Hey there, time traveller!
This article was published 28/1/2009 (4374 days ago), so information in it may no longer be current.
PROPOSED changes to the Winnipeg Police Service transfer policy slashing plainclothes investigators’ time in specialized units could have a far-reaching and potentially negative impact on the quality of police work, opponents of the plan say.
The Winnipeg Police Service has drafted a policy by which officers in key non-patrol investigative units — including the organized crime, sex crime, commercial crime and major crime squads — must transfer out of their units after shorter stints.
If the proposed changes take effect May 1, detective sergeants would spend a maximum of four years with their specialized unit, down from the current five years. Plainclothes constables could be transferred after only a year of investigative experience, down from three.
Some rank-and-file officers are unhappy with the proposal, saying it’s not enough time to gain experience in handling complex investigations. They say that inexperience could hamper conviction rates when cases make their way to trial.
Units exempted from the changes include the K9 unit, the newly formed tactical support team and the forensic identification unit.
The Winnipeg Police Association — the union representing city officers — said the policy is only under consideration, and that the top brass is seeking input from officers regarding the changes. However, a police source within the WPS said it’s "pretty much a done deal."
Chief Keith McCaskill said that isn’t the case. "It’s a draft policy," he said.
He declined to speak to the specifics of the proposal as it's internal police business. " What’s the story?" he wondered. "We change policy all the time." McCaskill said it was " unusual" for the executive to seek input on policy from officers, but in this case felt it was important. "I want to see what the membership has to say," he said.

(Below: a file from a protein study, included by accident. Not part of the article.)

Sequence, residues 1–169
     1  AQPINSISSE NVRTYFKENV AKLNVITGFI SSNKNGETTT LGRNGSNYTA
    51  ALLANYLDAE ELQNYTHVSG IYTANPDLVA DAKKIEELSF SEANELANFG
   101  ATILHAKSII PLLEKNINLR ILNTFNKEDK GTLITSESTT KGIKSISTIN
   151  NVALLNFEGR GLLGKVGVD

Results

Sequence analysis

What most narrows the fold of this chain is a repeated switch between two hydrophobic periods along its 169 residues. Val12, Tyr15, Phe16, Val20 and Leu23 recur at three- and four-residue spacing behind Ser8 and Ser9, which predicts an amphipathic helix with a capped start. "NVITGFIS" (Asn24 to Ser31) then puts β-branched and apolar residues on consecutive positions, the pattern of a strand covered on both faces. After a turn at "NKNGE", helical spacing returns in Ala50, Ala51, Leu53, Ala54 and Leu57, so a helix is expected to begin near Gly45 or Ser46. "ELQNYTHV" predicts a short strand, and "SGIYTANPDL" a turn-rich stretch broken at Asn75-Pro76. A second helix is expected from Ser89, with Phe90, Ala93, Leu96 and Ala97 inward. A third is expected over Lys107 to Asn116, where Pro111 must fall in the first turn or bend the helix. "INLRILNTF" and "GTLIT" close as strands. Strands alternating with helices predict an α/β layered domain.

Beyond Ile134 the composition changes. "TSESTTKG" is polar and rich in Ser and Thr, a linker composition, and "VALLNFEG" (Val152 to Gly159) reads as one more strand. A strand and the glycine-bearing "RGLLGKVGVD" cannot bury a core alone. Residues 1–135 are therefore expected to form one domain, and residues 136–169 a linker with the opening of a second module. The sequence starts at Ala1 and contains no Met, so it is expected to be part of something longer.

It’s believed the changes are being proposed by the WPS executive to bolster the resource and experience levels of the general patrol side of the force with more veterans out on the street.
In an interview with McCaskill in early January, he estimated three out of four uniformed officers currently with the force have less than 10 years experience and spend most of their professional time going from call to call.
Union president Mike Sutherland said Tuesday the proposed scenario could be considered one of "robbing Peter to pay Paul" and that the WPS should consider a trial period or a ‘ grandfathering’ in of transfer agreements made with already-assigned officers.
"The issue really becomes one of, ‘OK, you want to sacrifice your investigative competence to deal with a lack of experience on the street in general patrol,’" Sutherland said.
"What you’re going to do is, instead of having a lack of experience on a general patrol basis, you’ll have it in plainclothes and other specialty units."
Sutherland said that leaves investigators handling unfamiliar and complex case files and interacting w ith witnesses they haven’t built any rapport with. It also means asking officers to suddenly transition to another or back to general patrol.